So far the Internet of things (IoT) has focused on physical objects such as applications and devices that communicate data regarding physical attributes, such as temperature, power or flow rate. However, this is difficult where the Financial Services Industry (FSI) is concerned, as insurance, investment, and retail banking do not necessarily have tangible offerings. Yet the continuous development of smartphones has pushed the FSI to offer its customers services that their mobile devices can support.
There are a lot of benefits the FSI can experience by integrating IoT into more of their processes, services, and products. A lot of value lies in the real time data they would accrue from their client’s physical assets. Data gathered from IoT creates value for companies and consumers through the use of sensor data to improve operational performance, customer experience, and pricing. In this post, I will be exploring various areas within the FSI where this value has been harnessed.
Manufacturers such as Apple are developing cutting edge devices designed to improve and monitor every aspect of a patient’s health. These developments originate from health and fitness devices that monitor and track general fitness, for example heart rate when jogging or calories burnt proportional to steps are taken. However, these devices are becoming more sophisticated and can now be used to monitor life threatening conditions. As a result, health insurance companies can use this data to better productise their offering, such as tailoring their premiums depending on a patient’s activity levels across a reasonable amount of time.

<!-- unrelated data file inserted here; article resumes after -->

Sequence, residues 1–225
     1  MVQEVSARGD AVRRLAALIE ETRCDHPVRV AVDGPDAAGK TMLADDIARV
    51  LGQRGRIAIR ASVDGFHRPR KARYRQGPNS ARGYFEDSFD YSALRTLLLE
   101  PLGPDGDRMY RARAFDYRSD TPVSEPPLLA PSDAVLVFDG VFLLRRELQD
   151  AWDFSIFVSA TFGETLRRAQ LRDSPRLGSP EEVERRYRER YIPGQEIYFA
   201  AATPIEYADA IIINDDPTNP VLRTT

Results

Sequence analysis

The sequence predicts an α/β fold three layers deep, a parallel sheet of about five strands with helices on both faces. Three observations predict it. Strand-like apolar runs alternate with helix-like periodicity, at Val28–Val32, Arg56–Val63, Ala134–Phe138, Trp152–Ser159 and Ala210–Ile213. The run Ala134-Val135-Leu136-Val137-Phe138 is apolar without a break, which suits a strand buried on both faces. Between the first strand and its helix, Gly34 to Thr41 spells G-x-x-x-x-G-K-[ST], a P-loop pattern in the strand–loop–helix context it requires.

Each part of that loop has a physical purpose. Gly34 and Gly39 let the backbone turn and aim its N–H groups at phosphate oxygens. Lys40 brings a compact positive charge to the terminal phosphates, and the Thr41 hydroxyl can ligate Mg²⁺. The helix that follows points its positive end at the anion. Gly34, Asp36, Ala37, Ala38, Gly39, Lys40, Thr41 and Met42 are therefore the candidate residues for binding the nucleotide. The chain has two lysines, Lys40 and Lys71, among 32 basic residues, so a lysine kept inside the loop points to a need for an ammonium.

The development of telemetry solutions has allowed insurance companies to collect data by monitoring drivers’ behaviour, including miles driven, speed, acceleration, cornering, braking, and reckless driving. Reliable drivers can therefore benefit from a reduced annual premium, whilst insurers can set higher premiums for more risky drivers.
The development of smart homes has significantly changed traditional home insurance. Smart meters and monitoring systems can now track carbon monoxide levels, fires, smoke, electricity usage, and water leaks, with the aim of making homes safer and more environmentally efficient. This can result in lower premiums for the insured.
The challenge for banks now is to keep up with these developments and create products and services that align with smart devices, beyond what we have started to experience with online banking applications.
The above shows that the FSI has started using IoT technology for analysis of data their business is directly tied to. While there is still room for IoT to progress in the FSI this will be largely dependent on how these existing tangible applications may spread.
How can FSIs benefit from commercial applications?
In retail, industrial, and agricultural environments we have seen sensors that monitor data from shopping habits to livestock activity. The common denominator with these traditional IoT solutions here is the value of this data, which capital firms and commercial lenders can use to support investments and lending activities.
So what do financial services need to do to keep up with the ever evolving connected world?
In the era of the tech savvy, there is less desire to follow traditional financial paths. They therefore need to acknowledge the ever increasing number of mobile users and focus their products and services directly on them. The FSI’s products and services need to be adaptable to any technical environment and platform in order to achieve a wider reach and more targeted approach to their customers.